|Peter Basch was born in Berlin, the son of Austrian parents well known in the German film industry. In 1933 the family emigrated to the United States, settling first in New York and later Los Angeles. In New York, Basch attended De Witt Clinton High School. After the move to Los Angeles, he was sent to school in England. Upon returning to the United States, he joined the army and worked in the First Army Motion Picture Unit (FAMPU) as a “script boy.” The FAMPU was the film production unit of the US Army Air Forces and made 400 propaganda and training films working with Hollywood stars such as Ronald Reagan, Jimmy Stewart and Clark Gable. Basch also worked for the Austrian film and theater director G.W. Pabst, who helped “discover” Greta Garbo, Hedy Lamarr and Louise Brooks. He assisted Hungarian portrait photographer Laszlo Willinger, known for his dramatic Hollywood portraits. In 1945 Basch moved to New York, and soon became one of the foremost magazine photographers. His photographs of Anita Ekberg, Sophia Loren, and Jane Fonda (among others) portrayed them as sexually independent young women in keeping with the optimism and prosperity of 1950-60s America and the influence of picture magazines such as Life and Look in the United States and Stern and Paris Match in Europe. Basch also made informal nude photographs of models and well known actresses. His beautiful, sometimes playful images similarly exhibited this new youthful feminine ideal.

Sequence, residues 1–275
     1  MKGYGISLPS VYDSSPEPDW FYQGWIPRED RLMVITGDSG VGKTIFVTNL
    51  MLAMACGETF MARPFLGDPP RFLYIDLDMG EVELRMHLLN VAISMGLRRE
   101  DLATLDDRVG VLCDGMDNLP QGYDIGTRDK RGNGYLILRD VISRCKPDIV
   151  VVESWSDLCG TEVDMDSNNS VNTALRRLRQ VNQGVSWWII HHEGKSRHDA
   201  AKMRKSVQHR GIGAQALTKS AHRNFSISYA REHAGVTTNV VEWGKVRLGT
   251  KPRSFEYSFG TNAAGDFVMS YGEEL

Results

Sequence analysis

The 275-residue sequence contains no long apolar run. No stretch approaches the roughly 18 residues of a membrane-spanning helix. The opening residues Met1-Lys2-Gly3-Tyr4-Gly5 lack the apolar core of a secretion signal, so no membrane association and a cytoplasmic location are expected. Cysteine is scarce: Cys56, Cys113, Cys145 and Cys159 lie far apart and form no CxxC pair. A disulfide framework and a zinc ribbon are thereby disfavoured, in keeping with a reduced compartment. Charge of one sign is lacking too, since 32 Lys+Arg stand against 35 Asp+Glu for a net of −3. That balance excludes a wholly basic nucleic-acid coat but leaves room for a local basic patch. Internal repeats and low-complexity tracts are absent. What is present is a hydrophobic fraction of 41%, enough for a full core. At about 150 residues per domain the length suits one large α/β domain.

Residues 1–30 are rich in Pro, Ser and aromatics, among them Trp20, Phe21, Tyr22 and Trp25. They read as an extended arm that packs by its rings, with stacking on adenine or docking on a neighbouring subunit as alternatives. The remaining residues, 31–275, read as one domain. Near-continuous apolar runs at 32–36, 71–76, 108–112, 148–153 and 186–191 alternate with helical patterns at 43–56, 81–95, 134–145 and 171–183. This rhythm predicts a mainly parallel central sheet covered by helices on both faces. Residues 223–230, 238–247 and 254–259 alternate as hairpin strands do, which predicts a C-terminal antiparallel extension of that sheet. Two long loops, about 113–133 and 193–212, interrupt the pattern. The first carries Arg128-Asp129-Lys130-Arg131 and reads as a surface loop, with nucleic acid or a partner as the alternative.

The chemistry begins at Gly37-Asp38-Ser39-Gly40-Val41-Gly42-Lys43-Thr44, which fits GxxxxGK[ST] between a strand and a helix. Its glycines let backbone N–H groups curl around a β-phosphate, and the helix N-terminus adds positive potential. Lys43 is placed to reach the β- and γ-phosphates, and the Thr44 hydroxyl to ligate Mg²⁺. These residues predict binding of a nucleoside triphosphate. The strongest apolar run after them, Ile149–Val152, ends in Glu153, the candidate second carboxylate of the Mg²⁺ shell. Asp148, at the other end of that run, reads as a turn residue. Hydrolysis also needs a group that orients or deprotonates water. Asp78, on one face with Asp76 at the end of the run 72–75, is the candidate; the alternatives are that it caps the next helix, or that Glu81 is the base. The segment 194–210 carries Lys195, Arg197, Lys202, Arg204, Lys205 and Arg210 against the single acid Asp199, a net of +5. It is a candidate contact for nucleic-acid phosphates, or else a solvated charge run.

Best known for his celebrity portraits and editorial work, Basch published several books and manuals over the course of his career. He passed away in 2004, following the success of a German publication, Stars, a collection of his photographs from the 1950s and 60s. Peter Basch’s photographs are in several private and public collections in the United States and Europe.
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